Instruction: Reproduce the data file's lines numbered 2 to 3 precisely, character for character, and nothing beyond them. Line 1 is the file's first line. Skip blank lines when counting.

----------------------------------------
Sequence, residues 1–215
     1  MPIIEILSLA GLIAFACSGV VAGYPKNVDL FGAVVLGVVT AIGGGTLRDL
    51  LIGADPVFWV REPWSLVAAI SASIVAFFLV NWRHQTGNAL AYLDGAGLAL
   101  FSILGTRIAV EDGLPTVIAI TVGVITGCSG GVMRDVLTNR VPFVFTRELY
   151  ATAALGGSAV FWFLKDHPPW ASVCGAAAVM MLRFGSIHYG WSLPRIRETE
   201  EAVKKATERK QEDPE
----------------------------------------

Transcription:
     1  MPIIEILSLA GLIAFACSGV VAGYPKNVDL FGAVVLGVVT AIGGGTLRDL
    51  LIGADPVFWV REPWSLVAAI SASIVAFFLV NWRHQTGNAL AYLDGAGLAL